16. The power converter apparatus of claim 13, wherein the second substrate, the horizontal switching device, the heat insulating member, and the control switching device are laminated in this order.

17. The power converter apparatus of claim 16, further comprising a first substrate on which the control switching device is disposed, wherein the second substrate, the horizontal switching device, the heat insulating member, the first substrate, and the control switching device are laminated in this order.

18. The power converter apparatus of claim 1, wherein the control switching device is connected with the horizontal switching device in a cascode fashion.

19. The power converter apparatus of claim 1, wherein the control switching device includes a vertical device.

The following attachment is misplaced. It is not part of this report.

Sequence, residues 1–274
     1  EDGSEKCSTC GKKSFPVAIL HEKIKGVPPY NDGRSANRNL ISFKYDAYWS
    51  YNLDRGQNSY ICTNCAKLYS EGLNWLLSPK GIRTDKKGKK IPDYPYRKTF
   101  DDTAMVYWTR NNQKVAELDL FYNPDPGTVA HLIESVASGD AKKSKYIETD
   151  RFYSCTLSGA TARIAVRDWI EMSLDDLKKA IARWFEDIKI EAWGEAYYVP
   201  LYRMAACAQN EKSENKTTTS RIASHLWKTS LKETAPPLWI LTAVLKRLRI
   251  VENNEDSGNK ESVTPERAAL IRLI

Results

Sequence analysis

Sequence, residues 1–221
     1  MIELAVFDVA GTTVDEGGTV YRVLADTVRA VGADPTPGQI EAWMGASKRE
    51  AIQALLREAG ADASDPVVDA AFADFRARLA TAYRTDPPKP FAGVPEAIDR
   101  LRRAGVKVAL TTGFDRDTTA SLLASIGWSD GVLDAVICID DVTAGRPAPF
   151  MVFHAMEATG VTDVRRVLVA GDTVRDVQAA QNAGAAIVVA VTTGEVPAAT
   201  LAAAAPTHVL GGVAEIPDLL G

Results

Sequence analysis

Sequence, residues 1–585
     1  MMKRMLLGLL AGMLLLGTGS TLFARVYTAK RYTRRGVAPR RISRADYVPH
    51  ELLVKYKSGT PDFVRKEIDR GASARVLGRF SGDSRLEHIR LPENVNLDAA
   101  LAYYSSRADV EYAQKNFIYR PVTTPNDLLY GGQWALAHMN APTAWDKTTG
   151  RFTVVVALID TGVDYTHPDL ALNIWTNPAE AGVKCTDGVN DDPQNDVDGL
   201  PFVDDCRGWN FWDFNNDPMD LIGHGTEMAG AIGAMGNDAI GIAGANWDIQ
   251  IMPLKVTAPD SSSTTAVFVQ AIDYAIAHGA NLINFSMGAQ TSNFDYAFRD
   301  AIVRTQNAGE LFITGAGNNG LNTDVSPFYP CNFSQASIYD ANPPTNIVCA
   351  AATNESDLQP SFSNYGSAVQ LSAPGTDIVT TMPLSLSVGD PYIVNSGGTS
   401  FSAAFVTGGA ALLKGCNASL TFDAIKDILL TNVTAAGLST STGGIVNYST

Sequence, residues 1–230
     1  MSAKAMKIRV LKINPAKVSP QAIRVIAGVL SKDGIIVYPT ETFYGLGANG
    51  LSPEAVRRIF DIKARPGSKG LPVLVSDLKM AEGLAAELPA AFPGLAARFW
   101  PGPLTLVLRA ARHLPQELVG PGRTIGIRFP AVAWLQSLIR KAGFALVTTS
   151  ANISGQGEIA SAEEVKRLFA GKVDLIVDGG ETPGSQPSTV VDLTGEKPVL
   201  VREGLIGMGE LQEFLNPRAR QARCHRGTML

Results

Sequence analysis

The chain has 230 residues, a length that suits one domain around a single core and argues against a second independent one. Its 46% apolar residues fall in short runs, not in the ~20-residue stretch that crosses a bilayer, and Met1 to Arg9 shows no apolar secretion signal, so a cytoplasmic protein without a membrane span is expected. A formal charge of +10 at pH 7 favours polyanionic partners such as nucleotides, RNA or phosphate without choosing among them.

20. A power converter apparatus, comprising: a horizontal switching device; a control switching device connected with the horizontal switching device and for controlling drive of the horizontal switching device; and a means for reducing that heat generated from the horizontal switching device is transferred to the control switching device.

Description:

CROSS-REFERENCE TO RELATED APPLICATION

The present application is a continuation application of International Application No. PCT/JP2013/057709, filed Mar. 18, 2013. The contents of this application are incorporated herein by reference in their entirety.

TECHNICAL FIELD

This disclosure relates to a power converter apparatus, and particularly to a power converter apparatus provided with a horizontal switching device.

BACKGROUND